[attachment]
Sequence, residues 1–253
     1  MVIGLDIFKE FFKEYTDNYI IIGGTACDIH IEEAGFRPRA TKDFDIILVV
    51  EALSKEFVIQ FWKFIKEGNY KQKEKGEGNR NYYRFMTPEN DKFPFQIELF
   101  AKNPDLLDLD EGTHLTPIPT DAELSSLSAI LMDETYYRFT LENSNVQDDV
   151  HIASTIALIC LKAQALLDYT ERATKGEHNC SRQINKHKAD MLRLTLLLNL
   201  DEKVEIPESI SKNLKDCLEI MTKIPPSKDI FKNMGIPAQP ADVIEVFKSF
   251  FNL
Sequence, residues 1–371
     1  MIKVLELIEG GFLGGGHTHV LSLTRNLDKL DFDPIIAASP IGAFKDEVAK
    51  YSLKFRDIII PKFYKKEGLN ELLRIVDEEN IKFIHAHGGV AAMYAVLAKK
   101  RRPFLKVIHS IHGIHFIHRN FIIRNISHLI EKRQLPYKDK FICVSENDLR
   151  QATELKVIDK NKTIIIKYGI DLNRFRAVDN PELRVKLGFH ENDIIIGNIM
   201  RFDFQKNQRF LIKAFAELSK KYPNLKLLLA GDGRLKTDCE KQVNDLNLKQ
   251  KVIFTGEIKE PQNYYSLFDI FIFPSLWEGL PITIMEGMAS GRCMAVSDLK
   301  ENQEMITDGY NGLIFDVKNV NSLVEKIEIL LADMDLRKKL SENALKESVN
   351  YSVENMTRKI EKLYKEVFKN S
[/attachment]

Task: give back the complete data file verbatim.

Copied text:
Sequence, residues 1–253
     1  MVIGLDIFKE FFKEYTDNYI IIGGTACDIH IEEAGFRPRA TKDFDIILVV
    51  EALSKEFVIQ FWKFIKEGNY KQKEKGEGNR NYYRFMTPEN DKFPFQIELF
   101  AKNPDLLDLD EGTHLTPIPT DAELSSLSAI LMDETYYRFT LENSNVQDDV
   151  HIASTIALIC LKAQALLDYT ERATKGEHNC SRQINKHKAD MLRLTLLLNL
   201  DEKVEIPESI SKNLKDCLEI MTKIPPSKDI FKNMGIPAQP ADVIEVFKSF
   251  FNL
Sequence, residues 1–371
     1  MIKVLELIEG GFLGGGHTHV LSLTRNLDKL DFDPIIAASP IGAFKDEVAK
    51  YSLKFRDIII PKFYKKEGLN ELLRIVDEEN IKFIHAHGGV AAMYAVLAKK
   101  RRPFLKVIHS IHGIHFIHRN FIIRNISHLI EKRQLPYKDK FICVSENDLR
   151  QATELKVIDK NKTIIIKYGI DLNRFRAVDN PELRVKLGFH ENDIIIGNIM
   201  RFDFQKNQRF LIKAFAELSK KYPNLKLLLA GDGRLKTDCE KQVNDLNLKQ
   251  KVIFTGEIKE PQNYYSLFDI FIFPSLWEGL PITIMEGMAS GRCMAVSDLK
   301  ENQEMITDGY NGLIFDVKNV NSLVEKIEIL LADMDLRKKL SENALKESVN
   351  YSVENMTRKI EKLYKEVFKN S